[Tweet " investing over 300 billion EUR in traditional and new infrastructures in the next three years"]Central Europe Energy Partners, AISBL, welcomes Mr. Jean-Claude Juncker’s plan for closer economic and political integration, and, in particular, his proposals for deepening, strengthening and extending the European single market, investing over 300 billion EUR in traditional and new infrastructures in the next three years, in order to balance national austerity and reform programmes, whilst kick-starting the European economy, developing an Energy Union centered on the pooling of energy resources and pan-European energy networks, as well as ambitious renewables targets. This ‘Juncker Plan’ and programme aims at being the engine behind a political revival in Europe, designed not only to meet the major challenges faced by Europe – including, for example, unemployment, the fragile economic recovery, energy dependence, climate change, new technologies and the protection of privacy – but also, the expectations of citizens, especially in terms of proximity and transparency of the EU. It appears that Mr. Juncker wants, in his own words, to be a “bridge builder”, a builder of unity in diversity. CEEP wishes him and his team good luck in their endeavours.

In this context, energy security, innovation and reaching common European objectives will continue to be of high importance for CEEP, and we feel reinforced in this belief by the dialogue we had with the new commissioners, who underlined that the energy sector “has become one of the most significant themes and a clear focus in the work of the new Commission, both in internal, as well as external action”, to quote the Vice-President of the Commission, Ms. Federica Mogherini. Moreover, the Commissioner for Research, Science and Innovation, Carlos Moedas, welcomed CEEP’s focus on concrete actions and our commitment to working towards common European objectives.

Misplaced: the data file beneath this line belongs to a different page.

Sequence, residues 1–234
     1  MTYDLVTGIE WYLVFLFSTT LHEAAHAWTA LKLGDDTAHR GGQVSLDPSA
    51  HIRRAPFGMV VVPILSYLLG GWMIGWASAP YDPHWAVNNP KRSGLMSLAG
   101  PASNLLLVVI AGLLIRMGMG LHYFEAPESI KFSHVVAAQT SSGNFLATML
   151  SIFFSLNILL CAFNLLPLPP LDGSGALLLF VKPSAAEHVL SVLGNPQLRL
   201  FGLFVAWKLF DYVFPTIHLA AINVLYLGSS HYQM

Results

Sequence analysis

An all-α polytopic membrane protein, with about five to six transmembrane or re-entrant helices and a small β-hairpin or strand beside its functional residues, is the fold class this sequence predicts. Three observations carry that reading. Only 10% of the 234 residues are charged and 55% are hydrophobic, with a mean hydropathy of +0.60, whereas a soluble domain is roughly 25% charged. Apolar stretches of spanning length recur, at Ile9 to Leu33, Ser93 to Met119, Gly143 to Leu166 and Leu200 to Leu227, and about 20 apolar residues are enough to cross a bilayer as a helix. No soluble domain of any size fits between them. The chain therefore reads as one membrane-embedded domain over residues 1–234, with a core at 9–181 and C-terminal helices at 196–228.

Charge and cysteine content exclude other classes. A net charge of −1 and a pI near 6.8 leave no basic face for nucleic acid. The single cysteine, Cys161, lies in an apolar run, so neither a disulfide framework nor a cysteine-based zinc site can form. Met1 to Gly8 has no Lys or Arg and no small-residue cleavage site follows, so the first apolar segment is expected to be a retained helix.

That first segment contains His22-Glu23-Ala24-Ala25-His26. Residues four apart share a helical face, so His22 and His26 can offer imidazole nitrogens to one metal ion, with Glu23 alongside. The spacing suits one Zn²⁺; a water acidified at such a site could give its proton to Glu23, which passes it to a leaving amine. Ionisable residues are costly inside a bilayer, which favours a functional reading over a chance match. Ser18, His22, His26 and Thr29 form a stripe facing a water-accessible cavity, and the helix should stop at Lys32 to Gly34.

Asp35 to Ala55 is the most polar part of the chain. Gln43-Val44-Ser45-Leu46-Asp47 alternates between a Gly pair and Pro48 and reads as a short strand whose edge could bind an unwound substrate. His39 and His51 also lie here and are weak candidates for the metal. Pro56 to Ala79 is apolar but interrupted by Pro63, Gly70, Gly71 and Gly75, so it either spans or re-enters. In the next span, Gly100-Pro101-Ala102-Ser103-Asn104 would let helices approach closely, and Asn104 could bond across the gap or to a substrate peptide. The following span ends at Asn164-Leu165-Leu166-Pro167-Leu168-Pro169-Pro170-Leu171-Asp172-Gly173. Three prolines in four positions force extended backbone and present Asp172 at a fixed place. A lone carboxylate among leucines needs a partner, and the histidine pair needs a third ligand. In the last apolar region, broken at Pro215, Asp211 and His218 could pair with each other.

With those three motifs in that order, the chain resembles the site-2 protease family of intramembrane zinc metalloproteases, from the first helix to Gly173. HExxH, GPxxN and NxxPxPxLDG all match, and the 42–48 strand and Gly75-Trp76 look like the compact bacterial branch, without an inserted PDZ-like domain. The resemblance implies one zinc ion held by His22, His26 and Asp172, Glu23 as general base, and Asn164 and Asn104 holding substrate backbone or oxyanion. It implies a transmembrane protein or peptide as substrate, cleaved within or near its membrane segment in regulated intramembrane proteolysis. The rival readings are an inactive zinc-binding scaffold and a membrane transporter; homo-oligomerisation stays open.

[Tweet "To reduce prices and increase the security, the EU should re-define its “gas relations”"]CEEP has emphasized, on many occasions, that lack of access to affordable energy is the key driver behind the slow erosion of competitiveness in Europe, and that it is high time to react. We must contribute to a change in energy costs. A European energy policy which focuses on security of supply and competitiveness is one of the ways forward; and we notice, with satisfaction, that the ‘new’ European Commission is heading in this direction. To reduce prices and increase the security of imports, the EU should re-define its “gas relations”, and overcome the diverging interests of EU Member States on secondary issues. It is high time that Europe flexes its political muscle to secure competitive energy supplies.

In 2015, Central Europe Energy Partners, AISBL, will continue to implement its’ main obligations and tasks – the ongoing support for, and advancement of, the integration of Central Europe’s energy sector, within the framework of common EU energy, energy security and climate policies. CEEP’s activities will be aimed at securing the interests of Central Europe: notably, that our position will be clearly and loudly presented, and well heard by those who count. CEEP will be seeking to promote a balanced approach to achieving Europe’s climate, sustainability and energy security objectives. This entails supporting a common and broad-based EU energy policy, which also takes into account the primary interests of Central Europe.

Janusz Luks, CEO, CEEP